Hoffman’s work investigates human relationships to sanctuary. It engages our elemental need for a secure sense of home – whether permanent or ephemeral – embodied in the spaces, communities and structures within which we live our daily lives. It also simultaneously acknowledges a countervailing – if not always wholly conscious – impulse to abandon, escape or even destroy those same sanctuaries when they begin to stultify us. In her sculptures, she addresses the tension inherent in sanctuary on both literal and metaphorical levels. Depending on the site location, the sculptures are acted upon by both natural elements and the viewing audience. Through this process, one sees a recapitulation of the natural life of a place of refuge as object (a home, a school, a gallery, a factory), but in an accelerated form and time frame that is actually observable given the nature of the materials used. This type of interaction brings to the surface not only the inescapable impermanence of places we rely on as durable repositories for our identities, our hopes and dreams; it also asks the viewer to consider the meaning of sanctuary in his or her own life, pressing the “idea” of home or refugee into productive – and hopefully demystifying – contact with the material construction of an object of sanctuary, disclosing the normally concealed conditions of its production. Exposing and interrogating “sanctuary” through sculpture, her work seeks to understand the materially fleeting but ideologically persistent “American Dream.”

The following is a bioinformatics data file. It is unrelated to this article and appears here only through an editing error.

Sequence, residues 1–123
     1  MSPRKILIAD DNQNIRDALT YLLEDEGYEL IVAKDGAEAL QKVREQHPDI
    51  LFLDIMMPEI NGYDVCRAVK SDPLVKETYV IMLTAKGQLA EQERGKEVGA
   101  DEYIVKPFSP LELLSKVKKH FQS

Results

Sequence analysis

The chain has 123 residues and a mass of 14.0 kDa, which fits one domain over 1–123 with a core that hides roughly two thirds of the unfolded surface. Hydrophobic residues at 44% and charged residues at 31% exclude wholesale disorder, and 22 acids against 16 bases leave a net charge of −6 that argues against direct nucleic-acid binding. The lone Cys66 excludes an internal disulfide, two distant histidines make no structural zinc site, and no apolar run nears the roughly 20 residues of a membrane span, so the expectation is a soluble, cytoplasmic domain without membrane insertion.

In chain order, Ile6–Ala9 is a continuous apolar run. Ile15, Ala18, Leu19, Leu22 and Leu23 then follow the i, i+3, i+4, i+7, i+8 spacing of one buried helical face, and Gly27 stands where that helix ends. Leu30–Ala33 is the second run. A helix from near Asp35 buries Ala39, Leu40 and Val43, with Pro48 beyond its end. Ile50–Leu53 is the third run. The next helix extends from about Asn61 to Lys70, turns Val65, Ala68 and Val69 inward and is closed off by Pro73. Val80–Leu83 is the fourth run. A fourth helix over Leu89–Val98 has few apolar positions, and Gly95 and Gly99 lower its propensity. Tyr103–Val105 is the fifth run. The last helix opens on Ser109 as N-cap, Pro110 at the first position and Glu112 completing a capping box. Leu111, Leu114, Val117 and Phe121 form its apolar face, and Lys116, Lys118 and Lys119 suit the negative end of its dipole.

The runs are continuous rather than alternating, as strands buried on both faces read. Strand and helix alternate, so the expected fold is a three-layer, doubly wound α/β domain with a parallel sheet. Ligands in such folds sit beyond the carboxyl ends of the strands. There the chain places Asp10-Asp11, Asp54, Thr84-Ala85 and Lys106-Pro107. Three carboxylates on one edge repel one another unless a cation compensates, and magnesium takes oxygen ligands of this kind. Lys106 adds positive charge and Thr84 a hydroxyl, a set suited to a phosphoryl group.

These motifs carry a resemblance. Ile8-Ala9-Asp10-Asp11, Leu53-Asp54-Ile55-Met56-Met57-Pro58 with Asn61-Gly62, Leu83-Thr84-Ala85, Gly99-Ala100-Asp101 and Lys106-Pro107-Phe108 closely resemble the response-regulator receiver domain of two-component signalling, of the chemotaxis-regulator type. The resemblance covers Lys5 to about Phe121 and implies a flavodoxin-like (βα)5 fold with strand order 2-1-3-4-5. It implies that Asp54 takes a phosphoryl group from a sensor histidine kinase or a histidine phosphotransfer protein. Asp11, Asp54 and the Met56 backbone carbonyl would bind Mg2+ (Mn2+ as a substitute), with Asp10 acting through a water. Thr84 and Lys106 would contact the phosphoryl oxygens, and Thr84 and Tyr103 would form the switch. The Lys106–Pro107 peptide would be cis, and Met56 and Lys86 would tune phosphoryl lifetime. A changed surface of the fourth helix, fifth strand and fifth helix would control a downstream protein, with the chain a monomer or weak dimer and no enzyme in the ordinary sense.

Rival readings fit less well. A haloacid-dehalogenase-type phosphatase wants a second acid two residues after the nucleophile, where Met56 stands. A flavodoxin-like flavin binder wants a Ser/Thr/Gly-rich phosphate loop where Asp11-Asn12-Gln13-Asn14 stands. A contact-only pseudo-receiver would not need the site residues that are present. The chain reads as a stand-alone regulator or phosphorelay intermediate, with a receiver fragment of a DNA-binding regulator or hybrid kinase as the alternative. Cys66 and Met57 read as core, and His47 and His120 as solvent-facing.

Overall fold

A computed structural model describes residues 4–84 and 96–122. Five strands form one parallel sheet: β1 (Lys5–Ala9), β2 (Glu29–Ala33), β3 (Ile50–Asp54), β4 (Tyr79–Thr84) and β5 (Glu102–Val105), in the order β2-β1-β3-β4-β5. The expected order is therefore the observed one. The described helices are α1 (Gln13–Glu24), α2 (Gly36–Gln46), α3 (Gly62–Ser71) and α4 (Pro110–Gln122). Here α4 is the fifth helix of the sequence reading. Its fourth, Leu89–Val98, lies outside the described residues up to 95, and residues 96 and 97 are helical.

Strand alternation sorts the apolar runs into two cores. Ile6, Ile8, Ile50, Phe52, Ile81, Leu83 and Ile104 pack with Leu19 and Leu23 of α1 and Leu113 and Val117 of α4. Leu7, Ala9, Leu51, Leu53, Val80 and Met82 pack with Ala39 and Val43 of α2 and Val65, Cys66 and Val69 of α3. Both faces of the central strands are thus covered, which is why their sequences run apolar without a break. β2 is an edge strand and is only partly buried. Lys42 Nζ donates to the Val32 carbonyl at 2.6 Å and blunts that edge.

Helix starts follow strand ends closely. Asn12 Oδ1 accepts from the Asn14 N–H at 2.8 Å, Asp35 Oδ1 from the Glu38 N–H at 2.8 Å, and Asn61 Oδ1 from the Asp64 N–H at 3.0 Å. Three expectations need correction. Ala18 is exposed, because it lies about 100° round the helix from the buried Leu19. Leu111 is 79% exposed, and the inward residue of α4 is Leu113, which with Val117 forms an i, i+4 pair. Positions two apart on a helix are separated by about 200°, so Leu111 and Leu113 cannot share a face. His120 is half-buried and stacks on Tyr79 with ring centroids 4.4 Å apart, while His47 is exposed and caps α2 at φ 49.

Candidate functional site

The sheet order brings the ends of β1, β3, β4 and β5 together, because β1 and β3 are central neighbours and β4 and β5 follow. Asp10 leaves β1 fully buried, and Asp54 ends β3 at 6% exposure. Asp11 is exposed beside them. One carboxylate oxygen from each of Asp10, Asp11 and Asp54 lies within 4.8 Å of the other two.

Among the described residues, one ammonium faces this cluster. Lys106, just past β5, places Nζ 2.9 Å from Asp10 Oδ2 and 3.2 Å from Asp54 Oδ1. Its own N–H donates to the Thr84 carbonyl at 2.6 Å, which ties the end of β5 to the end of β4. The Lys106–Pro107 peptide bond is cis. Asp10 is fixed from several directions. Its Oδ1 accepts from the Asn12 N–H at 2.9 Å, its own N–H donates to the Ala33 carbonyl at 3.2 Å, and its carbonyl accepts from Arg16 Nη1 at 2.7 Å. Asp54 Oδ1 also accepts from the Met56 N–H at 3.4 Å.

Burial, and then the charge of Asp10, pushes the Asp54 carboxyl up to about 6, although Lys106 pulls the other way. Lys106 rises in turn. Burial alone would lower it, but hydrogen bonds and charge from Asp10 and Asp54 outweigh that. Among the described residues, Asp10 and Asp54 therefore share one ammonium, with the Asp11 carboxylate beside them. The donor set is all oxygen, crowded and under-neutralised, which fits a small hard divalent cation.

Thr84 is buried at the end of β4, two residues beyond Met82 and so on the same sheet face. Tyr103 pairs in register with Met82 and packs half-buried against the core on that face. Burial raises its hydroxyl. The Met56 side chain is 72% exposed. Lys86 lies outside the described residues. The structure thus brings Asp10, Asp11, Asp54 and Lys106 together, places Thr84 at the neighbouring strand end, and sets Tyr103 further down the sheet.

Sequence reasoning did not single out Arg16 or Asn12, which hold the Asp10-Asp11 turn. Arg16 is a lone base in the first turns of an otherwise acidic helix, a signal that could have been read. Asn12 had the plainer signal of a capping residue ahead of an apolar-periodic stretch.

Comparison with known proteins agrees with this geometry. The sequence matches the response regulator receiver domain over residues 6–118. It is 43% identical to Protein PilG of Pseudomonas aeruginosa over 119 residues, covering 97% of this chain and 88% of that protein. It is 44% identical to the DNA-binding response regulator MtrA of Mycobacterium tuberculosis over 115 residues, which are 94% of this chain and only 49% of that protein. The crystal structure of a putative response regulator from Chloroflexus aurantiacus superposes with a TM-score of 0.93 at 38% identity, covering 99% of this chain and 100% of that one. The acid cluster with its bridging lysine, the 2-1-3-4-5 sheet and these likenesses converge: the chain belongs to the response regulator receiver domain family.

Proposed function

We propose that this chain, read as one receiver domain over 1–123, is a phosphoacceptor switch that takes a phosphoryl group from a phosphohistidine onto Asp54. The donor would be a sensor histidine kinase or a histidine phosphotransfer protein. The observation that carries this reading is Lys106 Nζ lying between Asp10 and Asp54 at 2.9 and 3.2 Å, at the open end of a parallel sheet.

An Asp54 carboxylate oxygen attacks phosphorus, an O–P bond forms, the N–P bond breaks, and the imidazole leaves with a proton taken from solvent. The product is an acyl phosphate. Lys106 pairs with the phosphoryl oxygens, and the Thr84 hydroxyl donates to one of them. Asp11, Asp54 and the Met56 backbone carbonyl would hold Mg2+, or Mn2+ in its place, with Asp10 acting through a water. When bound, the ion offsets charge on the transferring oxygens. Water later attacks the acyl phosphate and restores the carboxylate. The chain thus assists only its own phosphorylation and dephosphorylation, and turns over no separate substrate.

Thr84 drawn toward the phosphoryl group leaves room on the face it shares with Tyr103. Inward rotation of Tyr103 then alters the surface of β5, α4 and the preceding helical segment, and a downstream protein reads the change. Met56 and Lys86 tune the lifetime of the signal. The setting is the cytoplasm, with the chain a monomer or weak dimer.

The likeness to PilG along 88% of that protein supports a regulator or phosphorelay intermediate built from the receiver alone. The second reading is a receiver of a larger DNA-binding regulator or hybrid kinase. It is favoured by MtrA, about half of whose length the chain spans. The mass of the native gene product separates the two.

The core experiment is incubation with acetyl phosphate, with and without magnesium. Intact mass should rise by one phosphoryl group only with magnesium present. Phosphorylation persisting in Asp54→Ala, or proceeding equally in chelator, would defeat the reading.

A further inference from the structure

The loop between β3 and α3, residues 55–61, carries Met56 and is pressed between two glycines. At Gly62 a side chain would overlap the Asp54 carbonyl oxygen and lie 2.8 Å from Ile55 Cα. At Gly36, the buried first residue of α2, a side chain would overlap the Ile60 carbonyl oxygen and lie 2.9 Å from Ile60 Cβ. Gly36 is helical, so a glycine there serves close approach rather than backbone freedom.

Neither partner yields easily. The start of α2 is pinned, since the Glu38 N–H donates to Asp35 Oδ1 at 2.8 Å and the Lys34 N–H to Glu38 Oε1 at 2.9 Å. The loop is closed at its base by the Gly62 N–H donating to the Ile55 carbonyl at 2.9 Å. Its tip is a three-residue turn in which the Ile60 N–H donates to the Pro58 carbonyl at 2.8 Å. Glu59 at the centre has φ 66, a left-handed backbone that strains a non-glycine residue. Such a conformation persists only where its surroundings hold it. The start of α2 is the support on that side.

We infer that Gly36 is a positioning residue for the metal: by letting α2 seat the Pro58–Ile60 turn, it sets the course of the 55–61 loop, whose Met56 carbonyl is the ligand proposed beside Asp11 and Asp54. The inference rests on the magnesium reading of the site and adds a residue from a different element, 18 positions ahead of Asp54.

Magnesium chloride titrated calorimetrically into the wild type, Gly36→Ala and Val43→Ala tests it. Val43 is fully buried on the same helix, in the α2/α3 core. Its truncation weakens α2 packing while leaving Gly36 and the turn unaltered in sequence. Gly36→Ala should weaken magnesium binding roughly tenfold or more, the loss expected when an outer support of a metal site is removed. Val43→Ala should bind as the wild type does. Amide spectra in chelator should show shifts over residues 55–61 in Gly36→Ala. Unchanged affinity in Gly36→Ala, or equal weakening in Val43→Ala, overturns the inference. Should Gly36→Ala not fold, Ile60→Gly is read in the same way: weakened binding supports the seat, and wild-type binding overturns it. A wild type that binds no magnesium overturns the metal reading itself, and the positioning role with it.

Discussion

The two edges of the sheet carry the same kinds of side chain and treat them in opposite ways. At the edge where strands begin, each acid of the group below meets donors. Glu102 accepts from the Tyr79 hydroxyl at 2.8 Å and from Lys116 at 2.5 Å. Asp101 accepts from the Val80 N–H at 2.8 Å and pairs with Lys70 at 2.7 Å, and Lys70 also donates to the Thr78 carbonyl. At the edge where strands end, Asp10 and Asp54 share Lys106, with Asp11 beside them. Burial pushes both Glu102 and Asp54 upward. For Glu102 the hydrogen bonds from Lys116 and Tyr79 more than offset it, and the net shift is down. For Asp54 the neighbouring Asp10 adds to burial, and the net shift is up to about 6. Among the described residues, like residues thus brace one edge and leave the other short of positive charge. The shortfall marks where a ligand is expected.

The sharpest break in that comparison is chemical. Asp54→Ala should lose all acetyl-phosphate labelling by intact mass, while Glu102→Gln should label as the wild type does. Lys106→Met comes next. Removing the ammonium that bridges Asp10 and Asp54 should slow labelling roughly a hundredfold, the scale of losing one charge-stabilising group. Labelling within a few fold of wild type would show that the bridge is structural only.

Judith Hoffman is a visual artist and filmmaker. She holds an MFA from Pratt Institute and a BA from Smith College. She has held residencies and fellowships around the United States including Sculpture Space, Santa Fe Art Institute, Vermont Studio Center, and served as visiting artist at Wayne State University in Detroit. Her work has been included at institutions, festivals and fairs throughout the United States, including ArtBasel Miami, FL, Storefront Bushwick, NY, The Soap Factory, MN, The Center for Contemporary Art, NM, and Art in General, NY. Hoffman was a 2012 nominee for the Joan Mitchell Foundation Grant. In 2016, she was awarded the TEMPO Portland prize.